Maternal grandmother Marla Andrews was a perfect match for the teen, but she was eventually ruled out due to the discovery of a small mass on one of her kidneys. Grandmother JoAnn Phifer also tried to donate but was ruled out at the last minute for a similar health reason, Atwood said.
But Smothers was different. The tests were clear, and the transplant board set the surgery date for Dec. 10.
However, only days before, Atwood received news that the operation would not happen. She was given no explanation, she says, but was told the "board would reconsider at their meeting after Christmas."
The transplant board met again on Dec. 29, and after careful consideration, rescheduled the kidney transplant for January.
"It's been a roller coaster of emotions for everyone," Atwood said. "God knew all along what the outcome would be, who it would be and when it would be. We just had to be patient."
With tentative hope, the families looked forward to Jan. 21. Smothers had been waiting nearly five months to undergo the surgery. Phifer had been waiting 19 years.
A half hour after arriving at the hospital, Phifer walks unaccompanied into the second floor pre-op wing at UAMS. Although his donor has yet to arrive, a nurse inserts a central line into the teen's hand.
Phifer's family paces the waiting room, anxiously awaiting word from Smothers. He's late, and no one has heard from him since the night before.
At 5:50 a.m. Smothers explodes off the elevator and barrels towards the check-in desk. He giggles and gasps for air as he announces to a surprised staffer: "I'm Brian Smothers, and I'm here to donate."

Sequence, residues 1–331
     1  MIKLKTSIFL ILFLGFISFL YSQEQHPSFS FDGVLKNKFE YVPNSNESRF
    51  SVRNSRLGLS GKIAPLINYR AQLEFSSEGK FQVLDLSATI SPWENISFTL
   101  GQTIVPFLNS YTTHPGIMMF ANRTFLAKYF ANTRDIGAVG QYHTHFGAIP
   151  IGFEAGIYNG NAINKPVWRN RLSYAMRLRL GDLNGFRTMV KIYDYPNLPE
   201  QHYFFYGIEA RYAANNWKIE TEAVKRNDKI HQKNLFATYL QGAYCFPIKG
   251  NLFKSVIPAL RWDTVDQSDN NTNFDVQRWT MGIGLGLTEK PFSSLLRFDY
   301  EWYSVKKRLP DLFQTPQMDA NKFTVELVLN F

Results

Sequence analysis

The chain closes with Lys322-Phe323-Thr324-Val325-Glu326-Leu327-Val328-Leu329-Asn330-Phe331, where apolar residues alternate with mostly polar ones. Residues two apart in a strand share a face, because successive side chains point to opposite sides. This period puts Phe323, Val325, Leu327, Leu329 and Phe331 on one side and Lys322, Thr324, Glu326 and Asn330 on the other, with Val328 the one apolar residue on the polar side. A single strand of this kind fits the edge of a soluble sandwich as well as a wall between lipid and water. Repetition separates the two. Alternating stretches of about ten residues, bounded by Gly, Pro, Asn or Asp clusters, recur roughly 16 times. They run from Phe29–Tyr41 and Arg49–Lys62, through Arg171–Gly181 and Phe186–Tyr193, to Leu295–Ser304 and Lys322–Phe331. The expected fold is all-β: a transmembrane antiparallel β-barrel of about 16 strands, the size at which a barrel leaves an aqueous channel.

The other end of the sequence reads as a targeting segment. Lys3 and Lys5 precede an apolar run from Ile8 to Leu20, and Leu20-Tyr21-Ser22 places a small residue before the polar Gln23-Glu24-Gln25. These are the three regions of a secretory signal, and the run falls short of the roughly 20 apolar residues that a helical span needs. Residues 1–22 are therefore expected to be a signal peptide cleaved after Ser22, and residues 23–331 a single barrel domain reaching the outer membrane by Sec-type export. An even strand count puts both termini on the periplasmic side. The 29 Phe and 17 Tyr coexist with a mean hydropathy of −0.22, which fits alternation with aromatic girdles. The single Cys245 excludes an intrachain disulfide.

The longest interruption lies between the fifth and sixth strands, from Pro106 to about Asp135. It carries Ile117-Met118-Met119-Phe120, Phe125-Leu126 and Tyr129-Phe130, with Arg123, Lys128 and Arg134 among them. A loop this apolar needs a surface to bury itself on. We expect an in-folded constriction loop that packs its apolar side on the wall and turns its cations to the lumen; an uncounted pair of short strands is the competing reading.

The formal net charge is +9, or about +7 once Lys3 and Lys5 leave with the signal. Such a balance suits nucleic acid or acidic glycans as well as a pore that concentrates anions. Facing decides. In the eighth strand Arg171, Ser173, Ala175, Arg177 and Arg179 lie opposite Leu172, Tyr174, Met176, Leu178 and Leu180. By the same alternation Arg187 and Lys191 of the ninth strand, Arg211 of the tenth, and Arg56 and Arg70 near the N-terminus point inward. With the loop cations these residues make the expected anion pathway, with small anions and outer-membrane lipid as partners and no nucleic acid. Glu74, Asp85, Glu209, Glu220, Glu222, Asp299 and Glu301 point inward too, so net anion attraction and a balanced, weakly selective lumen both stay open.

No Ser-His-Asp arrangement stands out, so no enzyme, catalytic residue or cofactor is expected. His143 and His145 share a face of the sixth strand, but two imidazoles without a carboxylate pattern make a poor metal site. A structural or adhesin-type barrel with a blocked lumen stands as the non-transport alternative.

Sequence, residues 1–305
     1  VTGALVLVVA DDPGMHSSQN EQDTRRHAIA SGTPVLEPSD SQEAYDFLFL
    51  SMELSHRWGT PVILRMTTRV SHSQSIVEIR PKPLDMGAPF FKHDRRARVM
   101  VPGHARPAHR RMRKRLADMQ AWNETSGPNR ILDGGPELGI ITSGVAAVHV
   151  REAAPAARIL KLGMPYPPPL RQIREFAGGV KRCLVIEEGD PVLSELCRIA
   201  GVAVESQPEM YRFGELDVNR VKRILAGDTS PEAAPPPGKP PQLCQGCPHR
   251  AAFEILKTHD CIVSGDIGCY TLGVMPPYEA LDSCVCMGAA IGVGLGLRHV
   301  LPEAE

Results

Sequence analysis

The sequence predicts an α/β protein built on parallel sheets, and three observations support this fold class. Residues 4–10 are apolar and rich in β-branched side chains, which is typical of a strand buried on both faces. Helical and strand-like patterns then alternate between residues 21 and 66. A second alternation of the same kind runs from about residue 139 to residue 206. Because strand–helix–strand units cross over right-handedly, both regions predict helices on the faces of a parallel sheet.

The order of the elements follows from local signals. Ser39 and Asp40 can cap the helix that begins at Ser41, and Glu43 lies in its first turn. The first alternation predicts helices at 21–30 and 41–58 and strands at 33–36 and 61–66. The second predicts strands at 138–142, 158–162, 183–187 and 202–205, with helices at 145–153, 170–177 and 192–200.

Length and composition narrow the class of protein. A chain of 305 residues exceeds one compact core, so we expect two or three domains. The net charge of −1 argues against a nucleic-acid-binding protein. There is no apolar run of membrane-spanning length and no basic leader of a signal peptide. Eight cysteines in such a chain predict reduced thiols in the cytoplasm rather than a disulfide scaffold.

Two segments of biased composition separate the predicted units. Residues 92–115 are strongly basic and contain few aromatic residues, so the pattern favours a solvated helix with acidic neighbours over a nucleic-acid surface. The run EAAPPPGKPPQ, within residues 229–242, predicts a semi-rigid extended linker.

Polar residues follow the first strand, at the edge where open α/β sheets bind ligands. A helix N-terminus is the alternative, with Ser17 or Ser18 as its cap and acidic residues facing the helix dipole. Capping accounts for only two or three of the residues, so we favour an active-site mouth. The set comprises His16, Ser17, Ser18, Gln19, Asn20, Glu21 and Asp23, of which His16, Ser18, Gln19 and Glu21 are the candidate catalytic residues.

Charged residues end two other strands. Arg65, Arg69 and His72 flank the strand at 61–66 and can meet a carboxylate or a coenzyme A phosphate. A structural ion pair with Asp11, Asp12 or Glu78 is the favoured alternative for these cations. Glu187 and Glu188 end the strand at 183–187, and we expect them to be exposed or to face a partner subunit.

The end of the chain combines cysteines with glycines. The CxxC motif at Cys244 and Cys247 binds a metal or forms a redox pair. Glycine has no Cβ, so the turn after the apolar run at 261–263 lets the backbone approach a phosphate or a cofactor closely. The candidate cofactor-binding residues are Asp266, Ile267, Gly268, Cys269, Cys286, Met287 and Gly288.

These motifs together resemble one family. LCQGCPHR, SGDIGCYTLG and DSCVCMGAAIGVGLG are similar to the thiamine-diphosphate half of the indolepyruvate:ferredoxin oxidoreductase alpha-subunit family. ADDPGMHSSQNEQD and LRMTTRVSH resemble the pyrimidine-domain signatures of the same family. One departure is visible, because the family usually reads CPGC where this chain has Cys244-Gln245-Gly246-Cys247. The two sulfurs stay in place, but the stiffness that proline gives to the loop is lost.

Amid cheers and words of encouragement, the young father rushes back to pre-op and is prepared for the invasive surgery. It's only then he starts to look scared.
Ten minutes later, staff members announce the patients may see visitors. Two at a time, family and friends enter pre-op. They share prayers, tears and laughs with the men and each other.
In Room 8, Phifer seems calm but eager. In Room 9, Smothers talks a mile a minute.
"I can't believe I slept in after maybe only 30 minutes of sleep," he says with an anxious laugh. "I'm ready for this to happen, but I am feeling a little nervous. But I think it will be OK. I'm ready for this for Hunter. But I wish I could have eaten. I could really use some pizza right about now."
Olson holds Emory as they say goodbye to Smothers. His partner keeps from crying, but his mother, Peggy Smothers, is less composed. Terrified for the health of her son, she prays by his bedside and before leaving tells her son she's proud of him.
His last words to his family are "I love you."